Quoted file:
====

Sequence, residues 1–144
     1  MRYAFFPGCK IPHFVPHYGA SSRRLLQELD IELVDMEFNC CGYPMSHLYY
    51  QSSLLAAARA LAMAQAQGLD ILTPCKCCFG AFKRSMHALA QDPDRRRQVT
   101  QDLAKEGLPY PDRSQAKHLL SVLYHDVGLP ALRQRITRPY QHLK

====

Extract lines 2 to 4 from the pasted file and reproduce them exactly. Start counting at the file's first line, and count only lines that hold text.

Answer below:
     1  MRYAFFPGCK IPHFVPHYGA SSRRLLQELD IELVDMEFNC CGYPMSHLYY
    51  QSSLLAAARA LAMAQAQGLD ILTPCKCCFG AFKRSMHALA QDPDRRRQVT
   101  QDLAKEGLPY PDRSQAKHLL SVLYHDVGLP ALRQRITRPY QHLK